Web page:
Also See Our: Wooden & Traditional Lacrosse Sticks Buying Guide
The Growth of Lacrosse
The game was expanded and revamped by a Canadian dentist names George Beers in 1856, when he founded the Montreal Lacrosse Club. The group modified the rules of the game as well as the equipment used. Lacrosse became a popular sport among young men, and the first game played with the new set of rules and equipment was played in 1857 at a college in Canada. Shortly after that, Canada named lacrosse its national sport. The game was brought overseas to England shortly after where a game was played between different nations, and expanded throughout England schools as a result. In the late 1800’s, cities in New York also founded lacrosse clubs, and the game continued to grow as a result.
The Sport of Lacrosse Today
Lacrosse continues to be a very large part of Native American culture to this day. Games are played as praise to the Creator, and often referred to as “The Creator’s Game.” Many Native American tribes hold the game to high standards and play as a devotion to their tribe and creator. Lacrosse is played worldwide, with various different countries coming together to play in the Lacrosse World Championships. The game is played at all levels, professional, collegiate, recreational, high school, middle school, and youth levels. Both men and women play the game, through the game varies in rules, field, and equipment. The concept of the game is to score more points than your opponent, and that concept has never changed. The history of lacrosse is one of the most unique stories of all sports played today, which makes it the fastest growing sport in the world!
Also See: US Lacrosse Tells the Story of Lacrosse
Events & History of Lacrosse Timeline (Major Events)
1636- Jean de Brebeuf was the first to write about lacrosse being played and gave it the name lacrosse.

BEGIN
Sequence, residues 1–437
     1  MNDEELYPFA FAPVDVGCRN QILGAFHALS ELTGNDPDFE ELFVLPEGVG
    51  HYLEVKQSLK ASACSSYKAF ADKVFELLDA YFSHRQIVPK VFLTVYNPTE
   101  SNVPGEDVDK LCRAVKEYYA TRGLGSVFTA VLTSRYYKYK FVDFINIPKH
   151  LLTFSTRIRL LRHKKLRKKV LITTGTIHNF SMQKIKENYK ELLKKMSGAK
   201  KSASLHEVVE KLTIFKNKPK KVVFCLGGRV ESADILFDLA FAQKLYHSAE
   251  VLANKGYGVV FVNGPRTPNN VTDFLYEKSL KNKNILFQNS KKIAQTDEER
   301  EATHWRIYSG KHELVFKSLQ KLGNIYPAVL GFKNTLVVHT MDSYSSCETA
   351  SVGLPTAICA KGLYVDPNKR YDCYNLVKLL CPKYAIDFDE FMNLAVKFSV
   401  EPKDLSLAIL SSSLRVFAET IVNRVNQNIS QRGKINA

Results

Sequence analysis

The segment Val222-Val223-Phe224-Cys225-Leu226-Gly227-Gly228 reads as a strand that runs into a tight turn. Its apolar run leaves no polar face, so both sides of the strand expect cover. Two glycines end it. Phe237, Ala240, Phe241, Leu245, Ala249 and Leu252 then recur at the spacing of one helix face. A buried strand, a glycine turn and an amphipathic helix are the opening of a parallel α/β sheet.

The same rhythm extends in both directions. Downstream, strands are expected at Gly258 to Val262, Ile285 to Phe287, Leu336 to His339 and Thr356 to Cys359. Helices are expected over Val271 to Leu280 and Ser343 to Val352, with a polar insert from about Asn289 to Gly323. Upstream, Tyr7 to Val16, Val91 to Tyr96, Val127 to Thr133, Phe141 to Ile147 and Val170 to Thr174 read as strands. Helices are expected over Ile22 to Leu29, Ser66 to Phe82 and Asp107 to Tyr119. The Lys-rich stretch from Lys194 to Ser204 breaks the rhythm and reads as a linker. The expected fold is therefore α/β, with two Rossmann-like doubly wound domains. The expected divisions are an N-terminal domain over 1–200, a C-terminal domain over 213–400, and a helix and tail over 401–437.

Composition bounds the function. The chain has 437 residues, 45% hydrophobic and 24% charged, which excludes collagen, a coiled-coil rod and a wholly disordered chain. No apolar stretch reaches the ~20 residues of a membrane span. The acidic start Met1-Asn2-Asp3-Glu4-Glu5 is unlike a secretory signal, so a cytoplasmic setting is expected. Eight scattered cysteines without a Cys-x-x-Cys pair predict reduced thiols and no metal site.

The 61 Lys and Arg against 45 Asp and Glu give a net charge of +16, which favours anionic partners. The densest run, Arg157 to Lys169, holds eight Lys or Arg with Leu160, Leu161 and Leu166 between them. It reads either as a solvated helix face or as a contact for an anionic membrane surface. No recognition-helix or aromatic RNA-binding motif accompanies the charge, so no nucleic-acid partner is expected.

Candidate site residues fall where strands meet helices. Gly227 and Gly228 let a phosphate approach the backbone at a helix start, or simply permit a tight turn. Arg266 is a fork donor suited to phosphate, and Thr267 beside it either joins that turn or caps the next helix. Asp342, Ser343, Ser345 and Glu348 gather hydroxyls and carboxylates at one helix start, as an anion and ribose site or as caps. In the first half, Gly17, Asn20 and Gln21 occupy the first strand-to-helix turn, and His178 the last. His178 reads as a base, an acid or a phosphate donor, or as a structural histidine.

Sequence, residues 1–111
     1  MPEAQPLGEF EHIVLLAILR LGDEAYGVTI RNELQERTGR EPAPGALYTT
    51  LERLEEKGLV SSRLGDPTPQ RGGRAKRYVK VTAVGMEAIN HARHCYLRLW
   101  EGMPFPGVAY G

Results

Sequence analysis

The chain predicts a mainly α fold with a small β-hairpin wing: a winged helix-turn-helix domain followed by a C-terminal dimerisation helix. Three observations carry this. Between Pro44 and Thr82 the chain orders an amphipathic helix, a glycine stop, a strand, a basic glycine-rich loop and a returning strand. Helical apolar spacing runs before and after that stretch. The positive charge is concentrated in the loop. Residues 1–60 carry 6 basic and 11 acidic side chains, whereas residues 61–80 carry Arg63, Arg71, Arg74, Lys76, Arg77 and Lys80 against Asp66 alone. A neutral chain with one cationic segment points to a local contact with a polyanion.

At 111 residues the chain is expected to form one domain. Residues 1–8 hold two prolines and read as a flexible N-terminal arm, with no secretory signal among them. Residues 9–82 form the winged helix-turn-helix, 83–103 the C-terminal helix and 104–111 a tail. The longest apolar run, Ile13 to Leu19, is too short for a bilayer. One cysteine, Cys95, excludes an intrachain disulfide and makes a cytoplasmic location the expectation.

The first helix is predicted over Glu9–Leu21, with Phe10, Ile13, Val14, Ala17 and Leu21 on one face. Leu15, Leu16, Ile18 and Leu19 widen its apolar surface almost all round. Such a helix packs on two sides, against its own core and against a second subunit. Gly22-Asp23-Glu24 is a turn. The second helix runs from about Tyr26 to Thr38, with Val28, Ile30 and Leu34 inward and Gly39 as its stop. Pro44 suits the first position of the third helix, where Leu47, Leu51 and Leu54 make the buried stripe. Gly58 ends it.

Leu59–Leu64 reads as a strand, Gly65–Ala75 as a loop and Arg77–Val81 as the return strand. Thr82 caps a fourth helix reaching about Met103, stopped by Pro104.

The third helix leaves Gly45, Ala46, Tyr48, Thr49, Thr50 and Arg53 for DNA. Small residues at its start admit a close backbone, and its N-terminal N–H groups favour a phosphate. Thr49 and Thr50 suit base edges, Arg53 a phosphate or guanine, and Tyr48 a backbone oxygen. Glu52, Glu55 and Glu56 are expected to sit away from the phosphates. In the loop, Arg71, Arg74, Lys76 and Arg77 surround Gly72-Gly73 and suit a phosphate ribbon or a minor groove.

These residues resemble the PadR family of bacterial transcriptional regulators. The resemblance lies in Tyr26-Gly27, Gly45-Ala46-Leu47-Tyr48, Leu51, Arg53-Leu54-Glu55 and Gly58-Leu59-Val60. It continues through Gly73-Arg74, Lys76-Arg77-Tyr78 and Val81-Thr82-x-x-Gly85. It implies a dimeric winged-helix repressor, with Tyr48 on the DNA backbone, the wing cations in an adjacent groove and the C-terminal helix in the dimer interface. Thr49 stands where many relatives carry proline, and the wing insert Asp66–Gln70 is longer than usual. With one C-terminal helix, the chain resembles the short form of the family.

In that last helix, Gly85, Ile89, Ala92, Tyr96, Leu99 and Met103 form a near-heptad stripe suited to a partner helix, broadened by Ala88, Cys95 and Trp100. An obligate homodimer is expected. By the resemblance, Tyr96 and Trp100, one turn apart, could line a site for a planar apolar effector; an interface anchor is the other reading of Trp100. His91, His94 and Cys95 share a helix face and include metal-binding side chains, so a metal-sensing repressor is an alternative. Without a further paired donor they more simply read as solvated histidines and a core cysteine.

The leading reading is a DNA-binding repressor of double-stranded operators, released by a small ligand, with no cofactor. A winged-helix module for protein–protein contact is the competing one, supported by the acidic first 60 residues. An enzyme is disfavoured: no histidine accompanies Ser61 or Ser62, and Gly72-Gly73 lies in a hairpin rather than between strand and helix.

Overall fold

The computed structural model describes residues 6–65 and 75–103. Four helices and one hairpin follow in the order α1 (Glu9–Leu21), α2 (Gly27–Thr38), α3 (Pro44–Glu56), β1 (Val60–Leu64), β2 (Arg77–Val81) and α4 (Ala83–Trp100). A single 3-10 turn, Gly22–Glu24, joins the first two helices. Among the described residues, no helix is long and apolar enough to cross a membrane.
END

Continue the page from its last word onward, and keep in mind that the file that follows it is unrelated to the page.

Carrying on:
1740s- European settlers took interest in the game, betting and wagering on games of local tribes.
1757- Farmer and soldier James Smith described watching the game played among local Native American Tribes.
1763- The Ojibwa tribe played a game next to a British fort, now Fort Mackinac, and used the game to distract British Soldiers that they then surprised and killed.
1805- US Army Lieutenant observed the game being played in what is now Wisconsin, and named the city La Crosse.
1834-Caughnawaga Native Americans demonstrated lacrosse in Montreal and interest grew steadily in Canada.
1856- George Beers founds Montreal Lacrosse Club.
1857-First game with new rules and equipment is played.
1860s-Canada names lacrosse as its national sport.
1867-First exhibition game played between nations in England.
1890- The first women’s lacrosse game ever is played in Scotland.
1890s-Girl’s schools throughout England adopted the sport of lacrosse.
1900s-Choctaw Native Americans were observed attaching lead weights to their sticks in order to injure opponents during games, and led to lacrosse being banned in some areas.
1904- Lacrosse became an Olympic Sport.
1908-Lacrosse became a sport at the World Games and dropped from the Olympics
1928, 1932, 1948- Lacrosse demonstrated again at the Olympics, and then dropped.
1930s- Box lacrosse grew rampantly throughout North America.
1937- The first double-sided wooden stick was designed by Robert Pool.
1987- First professional lacrosse team was founded, the Eagle Pro Box Lacrosse League. It is now known as the National Lacrosse League, or the NLL.
2001- First professional field lacrosse team founded, now known as the Major Lacrosse League, or MLL.
Current- Lacrosse continues to be the largest growing sport across the world, gaining governmental regulation by bodies such as the Federation of International Lacrosse.